Christmas of course is the heart of the celebration of the Incarnation. The Word Christmas is derived from the Old English Cristes Maesse which means the Celebration of Christ or Christ’s feast. This implies that at Christmas we celebrate the mystery of Christ in its fullness, i.e. his birth, life, death and resurrection. Some Icons place the baby Jesus in a small sarcophagus inviting the beholder to contemplate the mystery that this little child brought salvation to the world.
The Solemnity of the Epiphany marks the last Sunday of this year’s Christmas Season. The word Epiphany is the English translation of the Greek epiphaneia, meaning appearance or manifestation. Three of the great moments of said revelation are the visitation by the Magi, the Baptism of the Lord and the Wedding at Cana when Jesus performed his first miracle. On this feast of the Epiphany, we celebrate how Jesus’ was revealed as The Christ in the past and how he continues to be revealed to us in the present.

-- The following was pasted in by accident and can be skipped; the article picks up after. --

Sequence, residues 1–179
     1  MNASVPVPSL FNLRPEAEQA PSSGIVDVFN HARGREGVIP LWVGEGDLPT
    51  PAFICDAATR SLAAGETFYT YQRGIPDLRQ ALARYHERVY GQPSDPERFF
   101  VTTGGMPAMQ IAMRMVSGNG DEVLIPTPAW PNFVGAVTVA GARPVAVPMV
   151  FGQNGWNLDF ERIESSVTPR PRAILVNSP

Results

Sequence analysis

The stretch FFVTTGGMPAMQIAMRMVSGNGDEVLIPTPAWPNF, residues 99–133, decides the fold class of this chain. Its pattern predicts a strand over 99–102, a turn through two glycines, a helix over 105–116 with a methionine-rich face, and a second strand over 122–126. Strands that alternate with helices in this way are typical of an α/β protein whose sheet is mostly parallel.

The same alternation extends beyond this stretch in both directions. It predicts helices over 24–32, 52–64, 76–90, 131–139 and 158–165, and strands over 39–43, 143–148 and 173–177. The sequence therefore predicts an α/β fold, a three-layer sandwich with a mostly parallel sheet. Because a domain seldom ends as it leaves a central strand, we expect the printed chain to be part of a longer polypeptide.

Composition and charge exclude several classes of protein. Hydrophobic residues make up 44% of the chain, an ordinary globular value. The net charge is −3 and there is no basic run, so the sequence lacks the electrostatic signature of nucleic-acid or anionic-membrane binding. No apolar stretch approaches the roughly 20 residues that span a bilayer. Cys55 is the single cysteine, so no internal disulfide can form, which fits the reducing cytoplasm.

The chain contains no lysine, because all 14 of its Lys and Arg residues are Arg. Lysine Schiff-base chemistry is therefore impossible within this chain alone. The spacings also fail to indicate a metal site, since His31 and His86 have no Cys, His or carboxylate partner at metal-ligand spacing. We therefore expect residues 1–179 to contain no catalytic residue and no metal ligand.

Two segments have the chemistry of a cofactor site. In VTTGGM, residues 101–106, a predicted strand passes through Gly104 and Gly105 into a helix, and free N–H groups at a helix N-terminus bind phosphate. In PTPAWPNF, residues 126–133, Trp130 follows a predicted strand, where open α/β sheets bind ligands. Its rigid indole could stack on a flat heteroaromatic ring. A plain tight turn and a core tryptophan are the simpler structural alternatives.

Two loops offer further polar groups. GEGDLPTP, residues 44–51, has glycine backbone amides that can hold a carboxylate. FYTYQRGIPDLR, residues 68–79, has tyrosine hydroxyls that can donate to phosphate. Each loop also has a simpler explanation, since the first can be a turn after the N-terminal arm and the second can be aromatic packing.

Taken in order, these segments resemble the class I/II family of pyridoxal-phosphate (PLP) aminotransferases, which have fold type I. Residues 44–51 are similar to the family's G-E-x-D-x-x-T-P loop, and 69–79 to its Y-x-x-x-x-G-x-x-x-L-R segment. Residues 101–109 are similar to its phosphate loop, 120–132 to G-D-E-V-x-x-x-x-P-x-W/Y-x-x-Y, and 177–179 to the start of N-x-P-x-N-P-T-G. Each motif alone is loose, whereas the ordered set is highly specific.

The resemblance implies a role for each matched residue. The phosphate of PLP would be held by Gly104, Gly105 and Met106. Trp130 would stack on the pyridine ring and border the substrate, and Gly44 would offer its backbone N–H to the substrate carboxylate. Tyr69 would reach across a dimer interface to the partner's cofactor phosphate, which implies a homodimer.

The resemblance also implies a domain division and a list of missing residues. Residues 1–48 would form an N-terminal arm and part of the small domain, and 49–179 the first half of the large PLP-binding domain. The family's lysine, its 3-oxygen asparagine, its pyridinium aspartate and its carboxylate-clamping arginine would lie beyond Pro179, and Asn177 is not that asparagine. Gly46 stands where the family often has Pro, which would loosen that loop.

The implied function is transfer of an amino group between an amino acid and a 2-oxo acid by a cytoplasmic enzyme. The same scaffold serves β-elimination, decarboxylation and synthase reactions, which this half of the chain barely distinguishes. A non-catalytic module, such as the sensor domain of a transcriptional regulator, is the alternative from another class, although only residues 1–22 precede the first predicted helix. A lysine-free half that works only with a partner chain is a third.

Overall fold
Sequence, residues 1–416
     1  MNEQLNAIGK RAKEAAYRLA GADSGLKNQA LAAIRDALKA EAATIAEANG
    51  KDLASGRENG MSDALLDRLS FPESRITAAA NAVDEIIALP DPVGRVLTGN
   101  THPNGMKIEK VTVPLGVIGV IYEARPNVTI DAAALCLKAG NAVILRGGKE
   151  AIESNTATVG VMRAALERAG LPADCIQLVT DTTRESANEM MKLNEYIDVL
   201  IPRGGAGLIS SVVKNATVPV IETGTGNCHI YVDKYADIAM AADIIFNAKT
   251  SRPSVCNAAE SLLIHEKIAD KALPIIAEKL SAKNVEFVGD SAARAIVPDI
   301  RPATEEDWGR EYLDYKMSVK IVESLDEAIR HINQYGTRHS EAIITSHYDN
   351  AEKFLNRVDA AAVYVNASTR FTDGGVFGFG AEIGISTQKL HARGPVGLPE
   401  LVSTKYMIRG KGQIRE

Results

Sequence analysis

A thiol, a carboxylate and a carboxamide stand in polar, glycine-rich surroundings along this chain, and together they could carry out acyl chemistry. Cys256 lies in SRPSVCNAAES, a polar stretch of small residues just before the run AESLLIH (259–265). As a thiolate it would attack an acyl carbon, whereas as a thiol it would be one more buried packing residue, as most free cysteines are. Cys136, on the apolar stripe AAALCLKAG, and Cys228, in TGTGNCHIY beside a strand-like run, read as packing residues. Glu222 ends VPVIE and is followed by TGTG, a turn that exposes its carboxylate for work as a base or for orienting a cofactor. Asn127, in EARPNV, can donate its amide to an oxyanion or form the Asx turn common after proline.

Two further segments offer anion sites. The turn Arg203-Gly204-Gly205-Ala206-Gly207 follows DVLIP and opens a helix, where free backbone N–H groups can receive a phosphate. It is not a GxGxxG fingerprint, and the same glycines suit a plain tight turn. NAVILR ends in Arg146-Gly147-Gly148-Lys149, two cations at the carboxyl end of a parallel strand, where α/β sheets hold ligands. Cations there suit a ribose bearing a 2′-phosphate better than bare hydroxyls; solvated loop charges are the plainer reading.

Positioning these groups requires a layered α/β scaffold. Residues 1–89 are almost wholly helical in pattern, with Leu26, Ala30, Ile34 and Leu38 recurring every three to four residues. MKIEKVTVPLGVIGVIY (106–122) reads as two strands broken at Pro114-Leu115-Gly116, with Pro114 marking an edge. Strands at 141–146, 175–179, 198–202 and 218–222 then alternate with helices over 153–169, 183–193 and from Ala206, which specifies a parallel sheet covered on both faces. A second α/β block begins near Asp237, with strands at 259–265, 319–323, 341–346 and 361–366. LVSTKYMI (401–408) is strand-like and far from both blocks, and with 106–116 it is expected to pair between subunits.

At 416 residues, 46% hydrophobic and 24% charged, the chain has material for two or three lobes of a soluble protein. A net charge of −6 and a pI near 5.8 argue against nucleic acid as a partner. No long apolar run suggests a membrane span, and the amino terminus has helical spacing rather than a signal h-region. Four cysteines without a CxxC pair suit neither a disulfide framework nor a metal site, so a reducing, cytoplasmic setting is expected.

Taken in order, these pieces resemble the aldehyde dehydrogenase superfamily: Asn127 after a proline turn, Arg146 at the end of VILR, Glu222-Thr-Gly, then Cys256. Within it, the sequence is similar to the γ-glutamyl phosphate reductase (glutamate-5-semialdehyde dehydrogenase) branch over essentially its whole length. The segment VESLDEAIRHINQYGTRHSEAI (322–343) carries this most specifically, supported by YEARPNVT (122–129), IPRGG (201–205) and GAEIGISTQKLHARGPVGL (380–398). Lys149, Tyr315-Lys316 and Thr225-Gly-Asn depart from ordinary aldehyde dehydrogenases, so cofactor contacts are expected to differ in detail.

This year, the Incarnation Season ends on January 8 with the Feast of the Baptism of the Lord, one of the above mentioned manifestations of Jesus as the Christ.
The next day we will return our crèches to their bins and place the Advent wreaths and Christmas trees on the curb with a mix of sadness and relief. Let us encourage one another though to keep the enthusiasm and joy at the birth of Jesus and his manifestation as The Christ alive in our hearts and in our communities.
Even more importantly, let us commit ourselves to be the hearts and hands of The Christ in the world today revealing his message of love and compassion to all. This message is very much needed in our world today. Instead of being agents of anger, hatred and division let us be angels of love, hope and peace. After all that is the message of Christmas and it is our message.
Have a blessed Advent and Christmas!
The Basilica of Saint Mary proudly releases BASILICA Magazine, Fall 2017: The Basilica Community, Our history and our future.